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Sport and the Budget: More attention on stadia, less on sportsmen and women

Minister of Finance Colm Imbert outlined the Trinidad and Tobago Government’s Budget for 2020-2021 today, as a bid to ‘ensure that our economic recovery is as strong as possible’ and with ‘diversification of the economy [as] our highest priority’.

Sport earned two mentions in Imbert’s 142-page Budget statement, although it was more widely referenced in the 229-page Public Sector Investment Programme.

Photo: Minister of Finance Colm Imbert (right) walks to Parliament.
(Copyright Office of the Parliament 2020)

The government appears to still see its role in the sport industry as primarily to construct and maintain facilities, with the lion’s share of Ministry of Sport’s TT$80.8 million allocation earmarked for the refurbishment or upgrade of stadia, swimming pools and community centres.

“One of the goals of Vision 2030 is to empower the people of Trinidad and Tobago to lead healthy lifestyles,” stated Imbert. “As such, in 2020 the government invested the sum of TT$36.4 million to improve sport and recreation infrastructure under the following projects…”

There will be more of the same in 2021, with Moruga promised a multi-purpose sporting facility, while communities from Point Fortin to Paramin and Bacolet will also benefit from expensive infrastructure or refurbishment.

KFC Munch Pack

“The strategic objectives of the National Sport Policy are geared towards achieving total participation and excellence in sport,” stated the Public Sector Investment Programme. “To achieve these objectives the Ministry [of Sport] aims to provide facilities for the growth and development of sport throughout Trinidad and Tobago…”

Improvement and expansion works at the Emperor Valley Zoo, rehabilitation of facilities at the Botanic Gardens, and an upgrade of the Caroni Bird Sanctuary Visitor Centre, also came under ‘Development of Recreational Facilities’ within Sport’s allocation.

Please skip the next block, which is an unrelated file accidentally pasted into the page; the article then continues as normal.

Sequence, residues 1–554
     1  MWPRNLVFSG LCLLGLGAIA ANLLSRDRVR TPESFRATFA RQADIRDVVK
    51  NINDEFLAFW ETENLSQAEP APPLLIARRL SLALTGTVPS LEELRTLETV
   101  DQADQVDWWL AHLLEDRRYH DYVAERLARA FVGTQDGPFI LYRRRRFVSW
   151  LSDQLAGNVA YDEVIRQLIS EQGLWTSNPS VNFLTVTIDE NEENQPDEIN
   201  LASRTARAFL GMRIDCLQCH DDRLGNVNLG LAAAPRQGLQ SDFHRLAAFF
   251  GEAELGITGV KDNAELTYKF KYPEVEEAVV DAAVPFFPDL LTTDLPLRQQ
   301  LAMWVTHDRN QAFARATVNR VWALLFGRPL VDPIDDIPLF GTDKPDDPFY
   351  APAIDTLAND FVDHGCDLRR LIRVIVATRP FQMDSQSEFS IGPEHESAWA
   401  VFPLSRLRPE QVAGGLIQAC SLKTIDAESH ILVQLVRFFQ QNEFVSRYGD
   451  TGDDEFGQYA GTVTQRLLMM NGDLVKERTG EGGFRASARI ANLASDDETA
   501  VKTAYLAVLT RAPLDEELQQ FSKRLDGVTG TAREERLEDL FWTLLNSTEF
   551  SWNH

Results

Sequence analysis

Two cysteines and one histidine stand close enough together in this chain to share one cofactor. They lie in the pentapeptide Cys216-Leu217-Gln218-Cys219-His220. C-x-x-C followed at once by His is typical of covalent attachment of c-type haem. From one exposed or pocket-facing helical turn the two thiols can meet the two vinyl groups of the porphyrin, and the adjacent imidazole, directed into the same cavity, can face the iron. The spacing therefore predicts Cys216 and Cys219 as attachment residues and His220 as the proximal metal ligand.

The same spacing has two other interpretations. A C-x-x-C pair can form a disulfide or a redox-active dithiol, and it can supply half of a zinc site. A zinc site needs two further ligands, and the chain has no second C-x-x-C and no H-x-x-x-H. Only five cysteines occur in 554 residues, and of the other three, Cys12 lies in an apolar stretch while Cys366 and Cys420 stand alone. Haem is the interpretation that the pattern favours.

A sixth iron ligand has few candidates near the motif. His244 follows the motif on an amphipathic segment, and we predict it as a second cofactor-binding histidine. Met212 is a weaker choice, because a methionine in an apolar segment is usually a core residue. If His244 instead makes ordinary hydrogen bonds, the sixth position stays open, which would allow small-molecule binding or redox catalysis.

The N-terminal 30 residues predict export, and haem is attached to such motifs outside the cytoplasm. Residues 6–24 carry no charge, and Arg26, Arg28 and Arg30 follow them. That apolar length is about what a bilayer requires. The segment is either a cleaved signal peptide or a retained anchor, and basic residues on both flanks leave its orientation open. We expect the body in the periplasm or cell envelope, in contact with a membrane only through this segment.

Photo: An aerial view of the Brian Lara Cricket Stadium in Tarouba before its formal on 12 May 2017.
(Courtesy Sean Morrison/Wired868)

There was TT$500,000 budgeted too for the ‘development of a master plan for sport and youth facilities’.

“The plan will provide the [Ministry of Sport and Cultural Development] with the necessary protocols and tools,” it read, “to analyse the status of its infrastructure, anticipate and prevent possible defects, repair damages early and maintain the general functionality and extend the life of its facilities.”

Imbert, in his Budget statement, listed sport among a stream of industries ‘earmarked to achieve that objective [of diversification]’.

“For immediate action and with diversification and productivity improvements at the forefront,” stated Imbert, “we are targeting in collaboration with the domestic and international private sector: manufacturing, in particular for exports; energy services for export; aluminium, steel and chemicals; construction; housing; environmentally-friendly and green technology; recycling; technology, in particular software, mobile applications, electronic transactions and cyber security; creative and cultural industries, in particular, music, film, art and theatre; agriculture, financial and other services; ship building and ship repair; tourism, including medical, sports and leisure events; and food and beverages.”

Photo: Trinidad and Tobago javelin star Keshorn Walcott prepares to launch his javelin during the Rio 2106 Olympic Games.
Walcott snared bronze in Rio after copping gold at the London 2012 Olympics.
(Courtesy Allan V Crane/Wired868)